Kho v. CA (Case Digest. G.R. No. 115758)


FACTS: On December 20, 1991, petitioner Elidad C. Kho filed a complaint for injunction and damages with a prayer for the issuance of a writ of preliminary injunction, docketed as Civil Case No. Q-91-10926, against the respondents Summerville General Merchandising and Company (Summerville, for brevity) and Ang Tiam Chay.

The petitioner’s complaint alleges that petitioner, doing business under the name and style of KEC Cosmetics Laboratory, is the registered owner of the copyrights Chin Chun Su and Oval Facial Cream Container/Case, as shown by Certificates of Copyright Registration No. 0-1358 and No. 0-3678; that she also has patent rights on Chin Chun Su & Device and Chin Chun Su for medicated cream after purchasing the same from Quintin Cheng, the registered owner thereof in the Supplemental Register of the Philippine Patent Office on February 7, 1980 under Registration Certificate No. 4529; that respondent Summerville advertised and sold petitioner’s cream products under the brand name Chin Chun Su, in similar containers that petitioner uses, thereby misleading the public, and resulting in the decline in the petitioner’s business sales and income; and, that the respondents should be enjoined from allegedly infringing on the copyrights and patents of the petitioner.

The respondents, on the other hand, alleged as their defense that Summerville is the exclusive and authorized importer, re-packer and distributor of Chin Chun Su products manufactured by Shun Yi Factory of Taiwan; that the said Taiwanese manufacturing company authorized Summerville to register its trade name Chin Chun Su Medicated Cream with the Philippine Patent Office and other appropriate governmental agencies; that KEC Cosmetics Laboratory of the petitioner obtained the copyrights through misrepresentation and falsification; and, that the authority of Quintin Cheng, assignee of the patent registration certificate, to distribute and market Chin Chun Su products in the Philippines had already been terminated by the said Taiwanese Manufacturing Company.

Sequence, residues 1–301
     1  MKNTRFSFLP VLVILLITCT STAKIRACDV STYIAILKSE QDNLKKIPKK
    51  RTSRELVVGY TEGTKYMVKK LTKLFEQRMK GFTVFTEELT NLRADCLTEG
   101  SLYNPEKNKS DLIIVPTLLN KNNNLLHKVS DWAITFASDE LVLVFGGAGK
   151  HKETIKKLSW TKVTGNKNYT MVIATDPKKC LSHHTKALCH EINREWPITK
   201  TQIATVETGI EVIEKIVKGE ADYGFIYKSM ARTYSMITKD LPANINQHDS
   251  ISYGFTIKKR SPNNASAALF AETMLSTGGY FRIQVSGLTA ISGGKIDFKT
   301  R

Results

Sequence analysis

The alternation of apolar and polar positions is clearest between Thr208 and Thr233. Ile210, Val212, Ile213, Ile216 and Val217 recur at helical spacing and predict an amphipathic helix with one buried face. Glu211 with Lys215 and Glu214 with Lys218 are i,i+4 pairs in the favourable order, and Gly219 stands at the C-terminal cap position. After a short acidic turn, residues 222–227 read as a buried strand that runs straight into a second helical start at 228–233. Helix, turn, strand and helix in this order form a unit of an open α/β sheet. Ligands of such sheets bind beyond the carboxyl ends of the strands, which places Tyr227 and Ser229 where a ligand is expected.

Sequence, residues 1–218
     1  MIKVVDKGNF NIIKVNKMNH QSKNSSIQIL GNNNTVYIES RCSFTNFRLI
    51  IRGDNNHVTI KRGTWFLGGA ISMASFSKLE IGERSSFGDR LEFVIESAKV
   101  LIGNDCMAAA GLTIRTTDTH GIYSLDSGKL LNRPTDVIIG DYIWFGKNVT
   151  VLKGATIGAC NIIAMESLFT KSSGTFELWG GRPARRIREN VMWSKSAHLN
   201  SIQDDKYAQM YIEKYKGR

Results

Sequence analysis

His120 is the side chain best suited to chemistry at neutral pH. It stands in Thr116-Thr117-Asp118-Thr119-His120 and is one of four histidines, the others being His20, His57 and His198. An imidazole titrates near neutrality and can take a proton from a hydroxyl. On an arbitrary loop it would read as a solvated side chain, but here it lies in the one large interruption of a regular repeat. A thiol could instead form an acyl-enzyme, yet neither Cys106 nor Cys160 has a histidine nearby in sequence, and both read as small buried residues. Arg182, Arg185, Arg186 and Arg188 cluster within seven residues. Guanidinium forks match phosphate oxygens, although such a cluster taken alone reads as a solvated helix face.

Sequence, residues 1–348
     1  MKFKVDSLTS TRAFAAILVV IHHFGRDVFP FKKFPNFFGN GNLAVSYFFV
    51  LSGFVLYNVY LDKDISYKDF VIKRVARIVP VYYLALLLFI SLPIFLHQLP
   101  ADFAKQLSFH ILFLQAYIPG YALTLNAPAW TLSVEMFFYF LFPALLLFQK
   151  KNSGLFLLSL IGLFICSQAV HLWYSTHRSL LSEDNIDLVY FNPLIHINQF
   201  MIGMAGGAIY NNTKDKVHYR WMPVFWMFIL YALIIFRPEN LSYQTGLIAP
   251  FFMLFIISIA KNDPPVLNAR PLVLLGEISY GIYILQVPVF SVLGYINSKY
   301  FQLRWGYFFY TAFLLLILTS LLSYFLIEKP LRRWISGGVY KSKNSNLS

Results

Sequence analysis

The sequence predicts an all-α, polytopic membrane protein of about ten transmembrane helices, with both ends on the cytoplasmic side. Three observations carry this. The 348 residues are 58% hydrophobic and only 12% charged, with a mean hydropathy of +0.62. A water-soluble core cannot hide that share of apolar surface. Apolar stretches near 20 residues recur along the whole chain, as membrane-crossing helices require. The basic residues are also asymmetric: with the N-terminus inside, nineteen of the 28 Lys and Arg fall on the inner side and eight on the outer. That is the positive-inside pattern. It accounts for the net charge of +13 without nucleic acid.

After due hearing on the application for preliminary injunction, the trial court granted the same in an Order dated February 10, 1992. Motion for reconsideration, denied.

On April 24, 1992, the respondents filed a petition for certiorari with the Court of Appeals, docketed as CA-G.R. SP No. 27803, praying for the nullification of the said writ of preliminary injunction issued by the trial court. After the respondents filed their reply and almost a month after petitioner submitted her comment, or on August 14 1992, the latter moved to dismiss the petition for violation of Supreme Court Circular No. 28-91, a circular prohibiting forum shopping. According to the petitioner, the respondents did not state the docket number of the civil case in the caption of their petition and, more significantly, they did not include therein a certificate of non-forum shopping. The respondents opposed the petition and submitted to the appellate court a certificate of non-forum shopping for their petition.

On May 24, 1993, the appellate court rendered a Decision in CA-G.R. SP No. 27803 ruling in favor of the respondents.

The petitioner filed a motion for reconsideration. This she followed with several motions to declare respondents in contempt of court for publishing advertisements notifying the public of the promulgation of the assailed decision of the appellate court and stating that genuine Chin Chun Su products could be obtained only from Summerville General Merchandising and Co.

In the meantime, the trial court went on to hear petitioner’s complaint for final injunction and damages. On October 22, 1993, the trial court rendered a Decision[7] barring the petitioner from using the trademark Chin Chun Su and upholding the right of the respondents to use the same, but recognizing the copyright of the petitioner over the oval shaped container of her beauty cream. The trial court did not award damages and costs to any of the parties but to their respective counsels were awarded Seventy-Five Thousand Pesos (P75,000.00) each as attorney’s fees. The petitioner duly appealed the said decision to the Court of Appeals.